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Researcher recognized for advanced brain cancer research



Illustration of a brain. – pixabay

  • Glioblastomas are the most aggressive and most common brain tumors in adults.
  • Since 2005, treatment has remained unchanged and the average survival rate is 14 months.
  • A CNRS researcher is developing an unprecedented approach in Marseille, targeting the tumor and its microenvironment through small synthetic molecules. Explanations.

His research project on the most aggressive brain tumors attracted the attention of the ARC Foundation. For two years, Aurélie Tchoghandjian, CNRS researcher in
Marseille could benefit from a 50,000-euro grant from its staff to explore a new range of glioblastoma treatment. these
Brain tumors affect nearly 2,700 new people each year in France. "The therapeutic challenge is big, it's cells that can't be treated," says the researcher, who dedicated his neuroscience thesis to cancer stem cells.

Against this brain cancer, the "standard" protocol has remained unchanged since 2005. It consists, when possible, of a surgical procedure, followed by radiotherapy and chemotherapy. "Since then, despite all the knowledge about these tumors, we have not been able to find a better treatment," notes Aurélie Tchoghandjian. Trails have been well-tested by international teams, such as blocking the vessels of these highly vascularized tumors, capable of creating their own vessels to grow so much "they need to eat," says the researcher. But this approach proved unsuccessful in patient survival, averaging 14 months, despite improvements in patients' quality of life on a daily basis.

The Arc Foundation supports Aurélie Tchoghandjian's research project on glioblastoma.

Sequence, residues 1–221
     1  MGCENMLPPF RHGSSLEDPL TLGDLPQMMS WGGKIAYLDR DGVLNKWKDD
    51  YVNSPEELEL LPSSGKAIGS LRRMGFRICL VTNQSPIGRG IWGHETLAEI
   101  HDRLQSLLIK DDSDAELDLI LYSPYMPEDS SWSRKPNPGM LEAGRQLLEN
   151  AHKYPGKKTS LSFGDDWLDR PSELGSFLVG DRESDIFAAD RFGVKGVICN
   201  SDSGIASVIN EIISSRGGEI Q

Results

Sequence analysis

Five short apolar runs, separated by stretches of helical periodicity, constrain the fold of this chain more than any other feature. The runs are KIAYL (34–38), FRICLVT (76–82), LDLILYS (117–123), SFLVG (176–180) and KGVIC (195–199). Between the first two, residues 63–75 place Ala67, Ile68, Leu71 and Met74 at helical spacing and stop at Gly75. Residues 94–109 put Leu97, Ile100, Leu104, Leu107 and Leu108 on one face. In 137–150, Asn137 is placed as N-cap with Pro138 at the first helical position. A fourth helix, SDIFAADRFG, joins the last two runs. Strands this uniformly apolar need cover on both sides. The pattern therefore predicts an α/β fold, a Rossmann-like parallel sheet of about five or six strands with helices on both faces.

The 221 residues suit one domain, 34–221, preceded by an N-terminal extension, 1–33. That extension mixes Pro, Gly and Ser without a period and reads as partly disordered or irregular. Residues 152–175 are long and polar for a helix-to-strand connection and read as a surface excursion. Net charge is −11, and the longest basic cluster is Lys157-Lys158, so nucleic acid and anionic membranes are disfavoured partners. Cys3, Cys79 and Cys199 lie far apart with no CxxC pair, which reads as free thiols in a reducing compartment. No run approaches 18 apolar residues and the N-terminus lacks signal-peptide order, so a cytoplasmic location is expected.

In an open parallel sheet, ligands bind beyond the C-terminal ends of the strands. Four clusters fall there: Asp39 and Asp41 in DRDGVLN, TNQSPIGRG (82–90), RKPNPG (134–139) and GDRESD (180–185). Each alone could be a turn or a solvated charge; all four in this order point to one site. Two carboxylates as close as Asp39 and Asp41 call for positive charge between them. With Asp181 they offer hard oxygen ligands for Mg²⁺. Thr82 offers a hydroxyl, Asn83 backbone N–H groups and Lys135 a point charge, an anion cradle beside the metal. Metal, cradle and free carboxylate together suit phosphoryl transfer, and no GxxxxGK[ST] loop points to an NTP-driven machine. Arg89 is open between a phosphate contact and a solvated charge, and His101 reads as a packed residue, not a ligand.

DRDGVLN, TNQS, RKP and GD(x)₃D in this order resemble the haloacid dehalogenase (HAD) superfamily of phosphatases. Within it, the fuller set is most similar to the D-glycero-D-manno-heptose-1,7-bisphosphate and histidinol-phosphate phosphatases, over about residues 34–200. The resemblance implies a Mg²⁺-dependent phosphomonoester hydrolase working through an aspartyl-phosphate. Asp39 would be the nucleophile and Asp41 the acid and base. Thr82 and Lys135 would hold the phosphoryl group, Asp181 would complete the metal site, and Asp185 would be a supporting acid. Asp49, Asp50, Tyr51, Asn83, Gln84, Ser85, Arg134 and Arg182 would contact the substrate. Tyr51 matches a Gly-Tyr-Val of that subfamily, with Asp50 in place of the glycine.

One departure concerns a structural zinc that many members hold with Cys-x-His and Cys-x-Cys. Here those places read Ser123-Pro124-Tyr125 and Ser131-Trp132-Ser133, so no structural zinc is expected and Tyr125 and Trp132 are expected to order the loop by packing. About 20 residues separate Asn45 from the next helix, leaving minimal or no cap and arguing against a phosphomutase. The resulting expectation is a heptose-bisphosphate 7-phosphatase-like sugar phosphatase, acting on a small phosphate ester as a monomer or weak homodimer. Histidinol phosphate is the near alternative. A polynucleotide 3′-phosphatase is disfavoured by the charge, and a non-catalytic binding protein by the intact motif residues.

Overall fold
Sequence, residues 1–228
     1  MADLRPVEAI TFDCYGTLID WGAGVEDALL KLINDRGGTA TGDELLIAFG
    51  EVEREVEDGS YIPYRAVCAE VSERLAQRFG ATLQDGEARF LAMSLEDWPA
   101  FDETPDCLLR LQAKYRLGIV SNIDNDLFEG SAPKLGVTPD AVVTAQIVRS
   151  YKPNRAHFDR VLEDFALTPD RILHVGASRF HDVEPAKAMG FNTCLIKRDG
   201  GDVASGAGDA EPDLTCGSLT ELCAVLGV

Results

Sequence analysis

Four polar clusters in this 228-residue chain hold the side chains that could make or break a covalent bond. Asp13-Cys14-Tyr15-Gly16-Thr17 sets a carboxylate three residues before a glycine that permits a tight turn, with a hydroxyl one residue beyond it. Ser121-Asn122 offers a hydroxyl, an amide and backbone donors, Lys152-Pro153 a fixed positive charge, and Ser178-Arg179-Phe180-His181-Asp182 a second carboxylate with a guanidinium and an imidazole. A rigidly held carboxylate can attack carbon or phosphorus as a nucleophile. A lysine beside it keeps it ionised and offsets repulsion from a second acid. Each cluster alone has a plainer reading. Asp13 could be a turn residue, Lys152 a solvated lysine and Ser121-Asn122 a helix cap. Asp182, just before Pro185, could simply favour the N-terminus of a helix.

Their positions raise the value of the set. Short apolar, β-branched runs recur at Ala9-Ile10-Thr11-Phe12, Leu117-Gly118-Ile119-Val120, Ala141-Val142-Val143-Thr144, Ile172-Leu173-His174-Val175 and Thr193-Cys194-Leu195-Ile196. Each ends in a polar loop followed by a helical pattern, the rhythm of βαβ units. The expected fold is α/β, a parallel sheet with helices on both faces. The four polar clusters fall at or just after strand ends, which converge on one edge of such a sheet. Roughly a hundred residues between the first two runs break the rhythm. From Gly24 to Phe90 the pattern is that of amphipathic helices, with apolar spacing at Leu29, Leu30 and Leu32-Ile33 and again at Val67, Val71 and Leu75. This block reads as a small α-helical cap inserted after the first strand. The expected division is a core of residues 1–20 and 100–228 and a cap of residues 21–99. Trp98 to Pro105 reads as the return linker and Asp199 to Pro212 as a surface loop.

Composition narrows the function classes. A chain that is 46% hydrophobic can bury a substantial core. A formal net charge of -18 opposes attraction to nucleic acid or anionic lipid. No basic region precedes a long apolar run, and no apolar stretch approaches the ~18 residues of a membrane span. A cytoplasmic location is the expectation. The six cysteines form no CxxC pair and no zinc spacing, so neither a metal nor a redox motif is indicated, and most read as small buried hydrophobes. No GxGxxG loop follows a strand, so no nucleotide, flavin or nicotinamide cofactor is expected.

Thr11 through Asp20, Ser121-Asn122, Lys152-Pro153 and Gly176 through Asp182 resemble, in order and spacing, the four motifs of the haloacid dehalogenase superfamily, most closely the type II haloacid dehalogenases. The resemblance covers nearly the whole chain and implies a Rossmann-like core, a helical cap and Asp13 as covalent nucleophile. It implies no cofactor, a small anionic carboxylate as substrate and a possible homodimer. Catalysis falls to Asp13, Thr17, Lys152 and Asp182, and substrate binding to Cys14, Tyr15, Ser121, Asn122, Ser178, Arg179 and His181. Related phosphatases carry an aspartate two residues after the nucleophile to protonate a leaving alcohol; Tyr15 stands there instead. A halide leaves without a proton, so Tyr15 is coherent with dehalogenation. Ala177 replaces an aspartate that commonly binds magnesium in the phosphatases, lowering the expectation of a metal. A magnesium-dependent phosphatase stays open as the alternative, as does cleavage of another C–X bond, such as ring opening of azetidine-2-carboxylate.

The Arc Foundation supports Aurélie Tchoghandjian's research project on glioblastoma. – ARC Foundation

A new approach

From this act Aurélie Tchoghandjian formulates another hypothesis, which she hopes will lead to a clinical trial. "The idea is to try to use molecules that can act on the tumor, but also its environment." "I'm interested in small protein-derived synthetic molecules called SMACs that can restart the death process of cancer cells," she continues. They are known to be good candidates for reaching the cerebral vasculature. "

Thanks to the initial tests, she could see a decrease in the size of the tumors and the restoration of the so-called normal vascular network, which is not dense or complicated. In addition, she found abundant recruitment of peripheral immune cells, brain tissue. And the researcher wonders, "Are these cells good or bad for the tumor? Do they contribute to tumor regression or do they participate in establishing resistance to treatment?"

30 projects supported in 2018 in Paca

"This project is groundbreaking in trying to target tumor cells, but also microenvironment cells," continues François Dupré, executive director of the ARC Foundation. This type of approach has never been tested. "If the researcher is among the lucky ones selected of the year – in 2018, the foundation supported 30 projects in the Paca region, totaling 2.1 million euros – it is also for the" strong explanatory capacity "of its project.

In fact, it is enough to hear Aurélie Tchoghandjian's clear and chosen words to understand the stakes of her research carried out at the Institute of Neurophysiopathology at the University of Aix-Marseille. And understand that if these famous "SMACs" have a positive effect on the tumor, they alone will not be enough to fight this cancer: "These are very complex tumors that also have genetic factors," he recalls. him. We can only treat them with one molecule. You will need to associate another and find out which one. Early test results are expected next summer.


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